Captain's Log

Archive for January, 2015

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Day’s Run – January 28, 2015

REMARKS: The wind picked up to a force 6 overnight, and the day came in brisk and grey. At that speed we would have made landfall in Luderitz at night, so we took in sail to tap the brakes and avoid an arrival in darkness. By lunch time today the sun has come out, wind eased up and seas laid down a bit, and we’re enjoying another day of great sailing.
SHIPS WORK: Coatings on ends of new main stay, tar port lower shrouds, Dutchman in port bow cap rail of semi dory, rope cover and sun patch on a new topsail
BOUND FROM: Cape Town, South Africa, Atlantic Ocean
TOWARDS: Luderitz Baai, Namibia, Atlantic Ocean
TIME ZONE: GMT +2
NOON POSITION: 27°56.9’S /015°03.0’E
DAYS RUN: 134 nm
PASSAGE DISTANCE RUN: 416 nm
DISTANCE REMAINING: 78 nm
COURSE AND SPEED: East North East, Course made good 046° true, 2.8 knots
WIND: Wind Force 5, South by East
WEATHER: Fair, 2/8 cirrus cloud, barometer 1018.5 millibars and falling slowly, visibility very good
SWELL HEIGHT & DIRECTION: South by East 2m
SAILS SET: Upper topsails, foresail, foretopmast staysail
Stowing the mainsail
Stowing the mainsail

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Day’s Run – January 27, 2015

REMARKS: Running downwind with the yards square, it’s a lovely sunny day but not too hot here in the South Atlantic Ocean. The water is very green here in these coastal waters. Beautiful starlit night last night, and dolphins came to play in the bow wave – the bioluminescence in the water makes them glow green like torpedoes sprinkled in fairy dust.
SHIPS WORK: Replaced a ratline on the foremast, spot painting grey on the Panama bits and windlass gypsy head. Passage update and introduction to Namibia talk on the quarterdeck.
BOUND FROM: Cape Town, South Africa, Atlantic Ocean
TOWARDS: Luderitz Baai, Namibia, Atlantic Ocean
TIME ZONE: GMT +2
NOON POSITION: 30°02.7’S /015°31.4’E
DAYS RUN: 117 nm
PASSAGE DISTANCE RUN: 282 nm
DISTANCE REMAINING: 253 nm
COURSE AND SPEED: North, Course made good 340° true, 5.3 knots
WIND: Wind Force 4, Southerly
WEATHER: Fair, 6/8 cumulus cloud, barometer 1021 millibars and steady, visibility very good
SWELL HEIGHT & DIRECTION: South South West 1.5m
SAILS SET: lower and upper topsails, t’gallants, main royal, foresail,
and inner jib. Mainsail is clewed up so it doesn’t shadow the foresail.
Jens and Magnus replace a ratline on the foremast
Jens and Magnus replace a ratline on the port fore shrouds

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Sailmaking in Cape Town

By Lead Seaman and Sailmaker Aspirant Amy Barlow

Monday January 26th, 2015

When the Picton Castle was alongside Jetty 2 in the V&A Basin of Cape Town, just next to the ship was a fine, small and empty shed about 70 feet by 40 feet. It was clean, dry and with a smooth floor. This would be a perfect sail loft. The Harbour Master generously allowed us to take this shed over for the duration of our stay and the sailmaking gang went to work. Sailmakers Tammy and John, and helpers Amy and Bruce and others, got a good head start on getting a bunch of sails laid out, seamed up and ready to finish once back at sea. It was a boon to have such a spot to lay out sails and also just to leave all the gear and canvas every night and not pack it up as we must on the ship. This is Amy’s story.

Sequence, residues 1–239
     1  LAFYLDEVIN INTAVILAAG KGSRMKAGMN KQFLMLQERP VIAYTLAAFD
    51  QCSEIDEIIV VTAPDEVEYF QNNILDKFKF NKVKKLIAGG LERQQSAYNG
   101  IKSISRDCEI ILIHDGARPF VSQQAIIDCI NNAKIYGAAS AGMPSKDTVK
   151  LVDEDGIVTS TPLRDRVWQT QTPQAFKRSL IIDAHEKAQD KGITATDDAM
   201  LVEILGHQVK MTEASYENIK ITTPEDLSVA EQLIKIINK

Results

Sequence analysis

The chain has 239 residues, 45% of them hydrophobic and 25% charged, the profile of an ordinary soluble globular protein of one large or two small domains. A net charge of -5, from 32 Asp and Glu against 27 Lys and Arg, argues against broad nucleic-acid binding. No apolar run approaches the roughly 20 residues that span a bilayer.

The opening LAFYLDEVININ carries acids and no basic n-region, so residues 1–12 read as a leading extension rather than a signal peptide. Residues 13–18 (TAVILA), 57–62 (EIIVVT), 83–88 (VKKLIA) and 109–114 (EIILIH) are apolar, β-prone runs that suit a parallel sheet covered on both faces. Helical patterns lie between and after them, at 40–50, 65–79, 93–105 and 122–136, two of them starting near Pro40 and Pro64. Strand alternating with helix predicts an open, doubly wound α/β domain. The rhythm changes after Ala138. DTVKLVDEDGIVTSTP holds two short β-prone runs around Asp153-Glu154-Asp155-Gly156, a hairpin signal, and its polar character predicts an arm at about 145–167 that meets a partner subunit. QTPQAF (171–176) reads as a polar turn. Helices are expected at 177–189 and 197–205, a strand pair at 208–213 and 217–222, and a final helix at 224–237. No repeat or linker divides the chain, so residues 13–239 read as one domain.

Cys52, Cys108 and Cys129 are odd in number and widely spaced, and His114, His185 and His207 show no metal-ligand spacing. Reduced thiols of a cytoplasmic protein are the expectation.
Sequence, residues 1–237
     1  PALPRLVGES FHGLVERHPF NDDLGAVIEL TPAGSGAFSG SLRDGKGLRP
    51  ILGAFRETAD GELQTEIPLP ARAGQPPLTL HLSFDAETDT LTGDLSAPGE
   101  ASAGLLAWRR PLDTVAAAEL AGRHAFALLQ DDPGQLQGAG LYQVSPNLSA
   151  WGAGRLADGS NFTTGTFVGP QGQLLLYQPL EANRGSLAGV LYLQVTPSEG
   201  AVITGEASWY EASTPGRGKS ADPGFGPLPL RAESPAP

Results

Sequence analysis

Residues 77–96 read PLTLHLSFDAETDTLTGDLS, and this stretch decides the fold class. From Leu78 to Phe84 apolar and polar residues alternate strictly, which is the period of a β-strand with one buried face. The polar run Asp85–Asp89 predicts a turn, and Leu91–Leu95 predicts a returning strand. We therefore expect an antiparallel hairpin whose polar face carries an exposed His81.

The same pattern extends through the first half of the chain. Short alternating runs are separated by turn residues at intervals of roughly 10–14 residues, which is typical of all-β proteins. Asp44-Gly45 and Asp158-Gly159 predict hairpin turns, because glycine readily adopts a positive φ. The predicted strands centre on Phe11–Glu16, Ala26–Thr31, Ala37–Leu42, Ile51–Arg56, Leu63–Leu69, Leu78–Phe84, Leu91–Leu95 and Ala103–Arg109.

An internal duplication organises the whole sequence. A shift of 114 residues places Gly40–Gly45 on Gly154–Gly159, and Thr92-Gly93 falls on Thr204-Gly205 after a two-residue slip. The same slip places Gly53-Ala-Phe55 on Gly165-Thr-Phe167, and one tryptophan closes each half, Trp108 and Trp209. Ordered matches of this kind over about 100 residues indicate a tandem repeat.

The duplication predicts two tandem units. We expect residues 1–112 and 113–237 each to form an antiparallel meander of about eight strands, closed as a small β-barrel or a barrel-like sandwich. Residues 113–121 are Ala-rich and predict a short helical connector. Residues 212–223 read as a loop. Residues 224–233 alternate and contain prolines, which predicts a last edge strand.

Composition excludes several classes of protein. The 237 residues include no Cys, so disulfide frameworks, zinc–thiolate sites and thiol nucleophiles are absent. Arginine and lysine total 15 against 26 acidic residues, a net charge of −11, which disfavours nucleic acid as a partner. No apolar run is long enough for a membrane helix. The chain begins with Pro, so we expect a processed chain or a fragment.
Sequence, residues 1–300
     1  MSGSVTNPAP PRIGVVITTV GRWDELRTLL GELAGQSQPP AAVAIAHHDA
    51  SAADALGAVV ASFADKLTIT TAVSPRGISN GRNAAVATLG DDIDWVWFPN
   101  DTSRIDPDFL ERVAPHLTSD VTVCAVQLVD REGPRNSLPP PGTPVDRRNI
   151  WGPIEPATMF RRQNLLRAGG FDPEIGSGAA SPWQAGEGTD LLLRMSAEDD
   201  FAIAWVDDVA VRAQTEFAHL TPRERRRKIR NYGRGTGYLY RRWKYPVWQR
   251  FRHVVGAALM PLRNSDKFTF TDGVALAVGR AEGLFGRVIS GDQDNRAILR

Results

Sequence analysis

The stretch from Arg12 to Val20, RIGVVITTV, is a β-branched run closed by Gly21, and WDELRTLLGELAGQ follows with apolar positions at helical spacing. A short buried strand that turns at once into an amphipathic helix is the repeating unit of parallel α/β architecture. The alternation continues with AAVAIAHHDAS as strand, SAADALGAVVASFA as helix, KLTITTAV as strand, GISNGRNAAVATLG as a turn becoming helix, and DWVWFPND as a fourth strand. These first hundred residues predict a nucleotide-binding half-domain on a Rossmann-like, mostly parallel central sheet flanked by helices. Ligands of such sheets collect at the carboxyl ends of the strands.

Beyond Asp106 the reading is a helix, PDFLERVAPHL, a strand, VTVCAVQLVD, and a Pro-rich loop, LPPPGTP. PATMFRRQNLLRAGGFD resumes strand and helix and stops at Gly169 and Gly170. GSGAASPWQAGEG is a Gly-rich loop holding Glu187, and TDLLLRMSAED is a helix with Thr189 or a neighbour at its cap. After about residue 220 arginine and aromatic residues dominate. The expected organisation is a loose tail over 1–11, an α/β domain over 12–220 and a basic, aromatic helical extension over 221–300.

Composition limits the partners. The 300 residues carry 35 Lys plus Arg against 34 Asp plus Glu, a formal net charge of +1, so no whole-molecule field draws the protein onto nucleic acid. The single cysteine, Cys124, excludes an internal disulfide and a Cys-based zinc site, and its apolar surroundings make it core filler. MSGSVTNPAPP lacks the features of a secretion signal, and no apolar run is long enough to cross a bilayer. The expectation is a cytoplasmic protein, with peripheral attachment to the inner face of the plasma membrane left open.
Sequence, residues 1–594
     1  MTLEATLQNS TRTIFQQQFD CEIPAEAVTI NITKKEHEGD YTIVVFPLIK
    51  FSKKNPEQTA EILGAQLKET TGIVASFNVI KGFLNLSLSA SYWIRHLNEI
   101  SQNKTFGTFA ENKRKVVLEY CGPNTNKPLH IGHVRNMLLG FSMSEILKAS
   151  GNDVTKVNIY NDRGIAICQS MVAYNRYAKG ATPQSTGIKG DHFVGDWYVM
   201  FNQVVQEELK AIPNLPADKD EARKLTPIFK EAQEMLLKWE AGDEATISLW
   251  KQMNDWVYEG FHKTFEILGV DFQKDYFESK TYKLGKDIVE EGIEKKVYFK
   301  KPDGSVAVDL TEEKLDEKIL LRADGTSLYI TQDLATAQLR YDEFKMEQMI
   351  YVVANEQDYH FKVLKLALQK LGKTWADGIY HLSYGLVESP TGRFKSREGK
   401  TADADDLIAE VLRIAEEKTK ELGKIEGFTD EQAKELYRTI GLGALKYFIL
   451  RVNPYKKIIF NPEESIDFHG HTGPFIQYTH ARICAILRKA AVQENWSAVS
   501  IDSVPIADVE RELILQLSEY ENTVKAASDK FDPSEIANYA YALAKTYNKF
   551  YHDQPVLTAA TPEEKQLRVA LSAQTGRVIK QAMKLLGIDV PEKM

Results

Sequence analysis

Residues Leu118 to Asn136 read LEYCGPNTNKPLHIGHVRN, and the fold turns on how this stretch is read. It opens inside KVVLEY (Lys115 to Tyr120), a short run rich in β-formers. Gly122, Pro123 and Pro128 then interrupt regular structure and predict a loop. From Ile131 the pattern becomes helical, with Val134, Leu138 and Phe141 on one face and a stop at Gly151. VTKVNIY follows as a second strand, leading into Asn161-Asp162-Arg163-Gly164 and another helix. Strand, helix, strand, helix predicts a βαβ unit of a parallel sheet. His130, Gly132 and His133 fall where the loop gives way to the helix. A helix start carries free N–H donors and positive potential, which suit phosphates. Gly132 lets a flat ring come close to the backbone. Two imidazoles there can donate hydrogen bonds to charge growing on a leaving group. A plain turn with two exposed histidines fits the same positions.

D. Moreland

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After a busy few weeks in our own sail ‘loft’ we have laid out and seamed four new sails with our trusty Industrial Singer 31, straight stitch only, weighty machine. We have also laid out and marked up a fifth sail to be entirely hand-seamed while we are at sea.

We’ve used ‘#6 Canvas’ which is a lightweight cotton sailcloth because the new sails are all light-weather sails: royal, flying jib, outer jib, and main t’gallant staysail. We bought the canvas in 36 inch rolls, which are very wide, so we have sewn two ‘false seams’ in each cloth to add strength before seaming the edges of the cloths together to build up the body of the sail. The false seams are marked up with pencil and ruler, and a ‘bight’ of cloth folded over to the line and rubbed in with a wooden seam rubber.

Through Ryan, a friend of Georgie our South African former shipmate, we were invited to visit Ullman Sails, a large loft in Cape Town (the largest loft in Africa and third largest in the world) to see how sails are made on an industrial scale. This loft hires between 60 – 100 people and productivity is down if 13 sails aren’t finished every day! A sail passes through several work spaces. First a computer guides a laser cutter over the Mylar sail cloth, then the seams are taped together and stitched, much as we do, but with the machine set up at floor level with the machinist sitting in a pit. It makes it much easier to make a straight seam when there’s room to spread the whole sail out on the floor next to the machine.